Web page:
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      Prevalence of articles with honorary authors and ghost authors in peer-reviewed medical journals.

      JAMA

      Social Responsibility, Biomedical Research, Editorial Policies, Peer Review, Authorship, Periodicals as Topic, statistics & numerical data, Publishing, standards

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          Abstract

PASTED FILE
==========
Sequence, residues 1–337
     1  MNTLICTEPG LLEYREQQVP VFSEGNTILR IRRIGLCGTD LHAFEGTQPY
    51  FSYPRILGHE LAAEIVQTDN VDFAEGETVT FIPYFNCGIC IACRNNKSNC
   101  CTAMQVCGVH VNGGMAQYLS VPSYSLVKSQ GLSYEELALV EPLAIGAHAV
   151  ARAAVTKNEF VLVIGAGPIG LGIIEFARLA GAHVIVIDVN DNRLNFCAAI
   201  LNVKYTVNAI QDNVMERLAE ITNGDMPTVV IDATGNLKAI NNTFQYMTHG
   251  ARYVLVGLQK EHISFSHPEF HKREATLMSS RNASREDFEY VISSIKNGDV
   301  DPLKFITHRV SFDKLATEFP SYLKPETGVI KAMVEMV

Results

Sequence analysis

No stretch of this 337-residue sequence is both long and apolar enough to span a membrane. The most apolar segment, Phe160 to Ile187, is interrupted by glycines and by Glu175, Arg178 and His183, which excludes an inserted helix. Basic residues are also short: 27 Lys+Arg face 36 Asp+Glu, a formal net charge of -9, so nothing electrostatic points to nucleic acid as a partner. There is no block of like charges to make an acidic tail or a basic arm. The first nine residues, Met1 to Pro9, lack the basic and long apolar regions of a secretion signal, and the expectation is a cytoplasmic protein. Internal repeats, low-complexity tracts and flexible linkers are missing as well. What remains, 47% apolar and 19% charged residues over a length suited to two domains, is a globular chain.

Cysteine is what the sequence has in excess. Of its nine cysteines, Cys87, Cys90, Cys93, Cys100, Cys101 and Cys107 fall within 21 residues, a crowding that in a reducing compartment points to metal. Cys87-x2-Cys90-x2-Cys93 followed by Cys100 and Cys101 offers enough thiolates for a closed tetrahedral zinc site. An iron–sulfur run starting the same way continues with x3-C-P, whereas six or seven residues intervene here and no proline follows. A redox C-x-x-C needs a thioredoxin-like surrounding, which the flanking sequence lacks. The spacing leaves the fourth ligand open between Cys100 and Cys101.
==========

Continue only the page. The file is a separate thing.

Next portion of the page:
Authorship in biomedical publications establishes accountability, responsibility, and credit. Misappropriation of authorship undermines the integrity of the authorship system, but accurate data on its prevalence are limited. To determine the prevalence of articles with honorary authors (named authors who have not met authorship criteria) and ghost authors (individuals not named as authors but who contributed substantially to the work) in peer-reviewed medical journals and to identify journal characteristics and article types associated with such authorship misappropriation. Mailed, self-administered, confidential survey. A total of 809 corresponding authors (1179 surveyed, 69% response rate) of articles published in 1996 in 3 peer-reviewed, large-circulation general medical journals (Annals of Internal Medicine, JAMA, and The New England Journal of Medicine) and 3 peer-reviewed, smaller-circulation journals that publish supplements (American Journal of Cardiology, American Journal of Medicine, and American Journal of Obstetrics and Gynecology). Prevalence of articles with honorary authors and ghost authors, as reported by corresponding authors. Of the 809 articles, 492 were original research reports, 240 were reviews and articles not reporting original data, and 77 were editorials. A total of 156 articles (1 9%) had evidence of honorary authors (range, 11%-25% among journals); 93 articles (11%) had evidence of ghost authors (range, 7%-16% among journals); and 13 articles (2%) had evidence of both. The prevalence of articles with honorary authors was greater among review articles than research articles (odds ratio [OR], 1.8; 95% confidence interval [CI], 1.2-2.6) but did not differ significantly between large-circulation and smaller-circulation journals (OR, 1.4; 95% CI, 0.96-2.03). Compared with similar-type articles in large-circulation journals, articles with ghost authors in smaller-circulation journals were more likely to be reviews (OR, 4.2; 95% CI, 1.5-13.5) and less likely to be research articles (OR, 0.49; 95% CI, 0.27-0.88). A substantial proportion of articles in peer-reviewed medical journals demonstrate evidence of honorary authors or ghost authors.

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